Health and Fitness has long been a part of the better hotels and they are amping it up rapidly with “Fitness on Demand” online instructors, yoga, personal trainers, heart healthy menus, private chefs and so forth. Some of the larger office campuses are able to offer similar amenities. Smaller companies are addressing health with sit/stand desks, small areas for stretching breaks, multiple venues from which to work to prevent fatigue and boredom or a fitness facility membership. And, providing water and healthy drinks and snacks throughout the day.

Ten other hospitality trends making their way into the office:

  1. More eclectic, residential or hospitality styled furniture—more “Set and Styled.”
  2. Art and accessories are important—a sterile empty wall environment subverts the brand.
  3. Lots of attention is paid to planning so that employees will interact, exchange ideas and bond.
  4. Lots of attention is paid to design—the “Cool” factor. Employees and clients are taking pride in the style of the office just as a hotel guest takes pride in discovering the best hotel.
  5. Lots of attention to lighting to guide and assist employee activity, be more flexible and allow for personal control so it is suited for a particular task at a particular time. More ambiance in lighting.
  6. Integrated technology makes it easy to move from one space to the other while staying connected and having what is needed to work from anywhere.
  7. More authentic and locally or regionally inspired design—not one-size-fits-all, generic design. Employees want to feel a part of their community.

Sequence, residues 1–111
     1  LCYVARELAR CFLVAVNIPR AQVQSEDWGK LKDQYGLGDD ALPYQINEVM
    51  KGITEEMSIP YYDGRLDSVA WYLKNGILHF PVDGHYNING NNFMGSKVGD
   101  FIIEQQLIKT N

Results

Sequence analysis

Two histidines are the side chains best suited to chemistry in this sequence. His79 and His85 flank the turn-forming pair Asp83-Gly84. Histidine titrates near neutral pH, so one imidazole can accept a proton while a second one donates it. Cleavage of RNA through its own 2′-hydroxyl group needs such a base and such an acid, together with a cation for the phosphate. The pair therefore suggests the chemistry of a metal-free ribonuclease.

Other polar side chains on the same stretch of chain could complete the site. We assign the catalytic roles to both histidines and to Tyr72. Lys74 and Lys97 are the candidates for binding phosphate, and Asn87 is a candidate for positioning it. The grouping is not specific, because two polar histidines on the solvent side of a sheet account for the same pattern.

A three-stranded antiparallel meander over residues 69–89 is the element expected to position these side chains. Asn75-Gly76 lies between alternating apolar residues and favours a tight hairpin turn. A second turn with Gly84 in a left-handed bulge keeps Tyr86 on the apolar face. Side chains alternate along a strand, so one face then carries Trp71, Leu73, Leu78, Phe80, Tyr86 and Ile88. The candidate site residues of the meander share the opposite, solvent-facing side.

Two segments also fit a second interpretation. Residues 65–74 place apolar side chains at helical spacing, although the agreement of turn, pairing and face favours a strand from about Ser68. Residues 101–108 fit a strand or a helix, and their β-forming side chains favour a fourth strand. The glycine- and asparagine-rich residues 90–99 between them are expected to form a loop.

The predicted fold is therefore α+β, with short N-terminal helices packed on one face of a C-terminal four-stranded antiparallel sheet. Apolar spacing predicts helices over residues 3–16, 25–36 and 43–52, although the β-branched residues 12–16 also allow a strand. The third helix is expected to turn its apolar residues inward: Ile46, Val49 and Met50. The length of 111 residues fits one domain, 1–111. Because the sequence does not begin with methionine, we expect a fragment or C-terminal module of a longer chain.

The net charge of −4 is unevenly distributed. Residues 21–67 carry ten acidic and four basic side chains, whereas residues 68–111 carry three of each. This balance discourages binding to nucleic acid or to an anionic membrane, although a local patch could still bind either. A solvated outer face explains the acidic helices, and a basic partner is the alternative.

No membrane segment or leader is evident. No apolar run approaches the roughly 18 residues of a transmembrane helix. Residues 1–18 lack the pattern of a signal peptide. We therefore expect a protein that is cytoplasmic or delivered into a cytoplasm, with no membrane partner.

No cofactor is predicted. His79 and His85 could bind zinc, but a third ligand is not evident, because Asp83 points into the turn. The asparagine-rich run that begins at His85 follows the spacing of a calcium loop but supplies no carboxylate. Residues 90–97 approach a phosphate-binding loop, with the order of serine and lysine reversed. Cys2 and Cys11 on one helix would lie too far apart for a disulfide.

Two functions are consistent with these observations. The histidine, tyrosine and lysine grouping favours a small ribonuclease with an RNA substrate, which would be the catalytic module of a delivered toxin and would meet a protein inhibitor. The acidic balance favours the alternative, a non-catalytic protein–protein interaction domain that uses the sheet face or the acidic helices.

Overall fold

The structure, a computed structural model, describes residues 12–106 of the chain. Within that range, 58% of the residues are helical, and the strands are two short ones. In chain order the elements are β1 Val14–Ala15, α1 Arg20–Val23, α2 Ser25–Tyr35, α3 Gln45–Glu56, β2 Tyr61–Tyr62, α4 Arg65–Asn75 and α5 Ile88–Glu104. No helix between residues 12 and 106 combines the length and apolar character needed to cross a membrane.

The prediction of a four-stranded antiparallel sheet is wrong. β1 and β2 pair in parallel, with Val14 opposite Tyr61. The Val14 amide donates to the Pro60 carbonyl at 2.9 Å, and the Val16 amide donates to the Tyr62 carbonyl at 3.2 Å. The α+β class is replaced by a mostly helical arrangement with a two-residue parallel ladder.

8. A little background music at certain times.
  9. Better restroom design with more privacy, better lighting, better mirrors and better amenities such as nicely styled and natural soaps, hand creams, hand towels and other comfort items.
  10. Concierge Services! There is no time to do anything anymore. Some offices are starting to offer the amenities of hotels and high-rise residential properties—pick up and drop off laundry service, drop off and pick up doggie care, dinner and entertainment reservations. This way the employee can go home and work instead of dealing with all of the personal things they used to have to do.

When interviewing for an office design project, whether a law firm, investment firm, technology group or other project, our studio now shows not only our office experience, but also our hotel experience. I apologize for showing a bar with lots of great comfortable seating, outlets everywhere and some high-tech TV’s fitted perfectly into the millwork, but the reaction I get every time is, “We want that!”

Download the knowledge book:
The True Measure Of A Space Is
How It Makes Us Feel